FIVE. What Do Today's E-Learning Thought Leaders Say?
You 're about half way through the book, and now is a good time for a change of pace.
I interviewed several of the leading thought leaders in the e-learning field, and this chapter is the result of those interviews. Each of these thought leaders is on the job every day working to make e-learning a reality in companies around the world.
All of these thought leaders are forward thinkers, but more importantly, they each have strong practical experience. They know today's state of the art and what's really practical to do, both today and into the near future. And they each know that making e-learning a success for a company is more than a question of technology—it's also a question of company culture, project focus, and leadership.
-1. Elliott Masie
Elliott Masie is an internationally recognized speaker, futurist, humorist, author, and consultant on the critical topics of technology, business, learning and workplace productivity. Elliott is the editor of TechLearn Trends, an internet newsletter read by over 41,000 business executives worldwide, and the editor of Learning Decisions, a subscription newsletter. He heads The MASIE Center (masie.com), a think-tank focused on how organizations can absorb technology and create continuous learning and knowledge within the workforce. Elliott's professional focus has been to demystify the world of technology in order to allow organizations to use their wisdom and resources to make key choices.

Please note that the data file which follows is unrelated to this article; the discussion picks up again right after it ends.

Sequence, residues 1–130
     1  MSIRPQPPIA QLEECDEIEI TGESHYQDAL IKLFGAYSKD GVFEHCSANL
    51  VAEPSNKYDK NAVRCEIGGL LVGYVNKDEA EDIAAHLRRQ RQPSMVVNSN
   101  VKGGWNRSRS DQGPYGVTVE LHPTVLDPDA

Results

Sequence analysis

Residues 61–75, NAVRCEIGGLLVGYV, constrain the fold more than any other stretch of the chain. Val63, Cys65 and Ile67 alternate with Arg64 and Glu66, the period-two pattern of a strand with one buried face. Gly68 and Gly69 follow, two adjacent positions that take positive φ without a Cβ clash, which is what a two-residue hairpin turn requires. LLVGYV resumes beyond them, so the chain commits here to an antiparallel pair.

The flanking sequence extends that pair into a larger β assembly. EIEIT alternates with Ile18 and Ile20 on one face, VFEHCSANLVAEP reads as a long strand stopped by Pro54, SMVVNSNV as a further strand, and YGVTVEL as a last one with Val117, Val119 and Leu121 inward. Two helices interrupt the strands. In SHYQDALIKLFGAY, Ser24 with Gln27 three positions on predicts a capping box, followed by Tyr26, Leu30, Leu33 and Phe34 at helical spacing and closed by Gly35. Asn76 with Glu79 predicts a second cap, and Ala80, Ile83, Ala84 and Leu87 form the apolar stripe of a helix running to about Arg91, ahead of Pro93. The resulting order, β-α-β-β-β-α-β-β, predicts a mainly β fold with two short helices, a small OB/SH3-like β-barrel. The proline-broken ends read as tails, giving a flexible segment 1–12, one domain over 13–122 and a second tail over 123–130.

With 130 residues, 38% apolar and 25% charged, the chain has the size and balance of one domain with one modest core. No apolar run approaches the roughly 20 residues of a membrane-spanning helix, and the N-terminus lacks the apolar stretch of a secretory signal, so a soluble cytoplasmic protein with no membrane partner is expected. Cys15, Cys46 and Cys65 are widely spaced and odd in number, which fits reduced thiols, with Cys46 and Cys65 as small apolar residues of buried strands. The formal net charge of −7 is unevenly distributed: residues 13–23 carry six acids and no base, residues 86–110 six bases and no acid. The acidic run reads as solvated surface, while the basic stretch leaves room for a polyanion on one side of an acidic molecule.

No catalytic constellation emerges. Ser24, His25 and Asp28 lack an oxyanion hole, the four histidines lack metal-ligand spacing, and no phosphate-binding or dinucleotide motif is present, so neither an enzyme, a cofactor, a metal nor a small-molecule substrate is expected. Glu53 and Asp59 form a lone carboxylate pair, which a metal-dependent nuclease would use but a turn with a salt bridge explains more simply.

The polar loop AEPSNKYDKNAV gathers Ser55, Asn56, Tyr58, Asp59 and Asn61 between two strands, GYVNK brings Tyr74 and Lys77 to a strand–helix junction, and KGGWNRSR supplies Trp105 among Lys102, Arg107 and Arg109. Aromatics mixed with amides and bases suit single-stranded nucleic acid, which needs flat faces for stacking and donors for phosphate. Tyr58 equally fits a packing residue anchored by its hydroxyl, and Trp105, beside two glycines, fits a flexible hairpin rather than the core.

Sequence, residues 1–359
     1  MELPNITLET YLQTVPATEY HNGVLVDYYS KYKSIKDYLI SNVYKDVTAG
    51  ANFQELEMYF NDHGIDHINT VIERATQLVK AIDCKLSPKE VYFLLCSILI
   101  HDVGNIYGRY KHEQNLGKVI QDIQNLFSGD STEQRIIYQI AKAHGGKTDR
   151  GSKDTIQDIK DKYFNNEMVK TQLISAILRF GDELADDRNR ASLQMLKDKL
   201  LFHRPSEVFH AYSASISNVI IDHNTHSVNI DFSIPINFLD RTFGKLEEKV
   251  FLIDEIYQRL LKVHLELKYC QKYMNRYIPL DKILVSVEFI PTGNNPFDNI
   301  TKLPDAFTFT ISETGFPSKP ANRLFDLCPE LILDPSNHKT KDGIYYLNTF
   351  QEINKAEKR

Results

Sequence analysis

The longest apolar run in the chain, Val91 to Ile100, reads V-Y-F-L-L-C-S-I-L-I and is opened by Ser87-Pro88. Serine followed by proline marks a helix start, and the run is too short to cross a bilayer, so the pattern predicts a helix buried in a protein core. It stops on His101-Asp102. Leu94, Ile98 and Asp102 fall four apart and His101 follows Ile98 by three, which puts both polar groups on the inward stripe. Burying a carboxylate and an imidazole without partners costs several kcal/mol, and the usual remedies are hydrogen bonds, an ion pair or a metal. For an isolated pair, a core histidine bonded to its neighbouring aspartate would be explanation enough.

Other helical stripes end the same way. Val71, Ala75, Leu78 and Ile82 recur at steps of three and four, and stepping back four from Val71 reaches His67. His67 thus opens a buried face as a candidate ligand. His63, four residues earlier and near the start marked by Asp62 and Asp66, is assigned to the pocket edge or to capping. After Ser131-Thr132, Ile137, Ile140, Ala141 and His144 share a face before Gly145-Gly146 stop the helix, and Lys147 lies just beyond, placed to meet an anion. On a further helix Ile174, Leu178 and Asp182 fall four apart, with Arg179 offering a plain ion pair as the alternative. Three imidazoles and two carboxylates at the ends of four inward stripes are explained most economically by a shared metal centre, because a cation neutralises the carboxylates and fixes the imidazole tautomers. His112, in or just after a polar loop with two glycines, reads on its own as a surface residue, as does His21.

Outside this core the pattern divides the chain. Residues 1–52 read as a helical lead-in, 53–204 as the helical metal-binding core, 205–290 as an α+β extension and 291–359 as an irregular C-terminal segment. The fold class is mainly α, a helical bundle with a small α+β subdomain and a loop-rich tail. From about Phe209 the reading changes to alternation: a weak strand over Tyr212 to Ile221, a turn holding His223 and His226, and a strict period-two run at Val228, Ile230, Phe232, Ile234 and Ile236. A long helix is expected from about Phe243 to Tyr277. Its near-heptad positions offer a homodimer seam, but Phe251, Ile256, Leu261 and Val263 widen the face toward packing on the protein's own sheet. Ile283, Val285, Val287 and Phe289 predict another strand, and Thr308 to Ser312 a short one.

Question: What do you see as the impact of e-learning on companies and enterprises?
Elliott Masie: I think there are two things. The most important thing is that it greatly expands the perception of the reach of learning and training and knowledge interventions without being limited by the overhead cost of "When can we do it by?", "Can we get people there?", "Can we get an instructor there?", and "Do we have a facility?"
So one of the impacts is that it's applying the same kind of empowerment that other kinds of "e-processes" do. I think it's profound that there are fewer conversations now about "I wish I could train a lot of people, but I can't, so I'll only train a few." There's more of a sense of "OK, if I need them to be trained, I'll reach them with an appropriate way to do it."
The second impact, from a business point of view, is that there is a growing excitement about leveraging learning as a strategic tool—both from a talent deployment point of view and ultimately from a point of view of using it for extending and enriching the customer relationship with knowledge, learning, and training.
Question: Do you think the impact is something to look for now, or is it still in the future?
Elliott Masie: When you think of the empowerment perspective I just spoke about, then people perceive that right now. I think, given the sophistication and the levels of investment we're seeing in some organizations, there are lines of business that are achieving it right now. Certainly with the IT business units today, there is less of a perception that "I have to wait to send them to class." They'll say "What does Netg, or SmartForce, or IBM have as resources?" so they can start to learn today.
We're doing a major rewrite of an application in my own firm, and my statement to my group was "What do you need to learn?" and their first reaction was "Let me see what's online." Five years ago it would have been "Let me call the training company nearby and see when their next class is."
So I think depending on the infrastructure and on the readiness, business units are doing this today. I think we're seeing a pretty steady slope rise in that, and there are early arrivers and mid-arrivers, and early followers and late followers.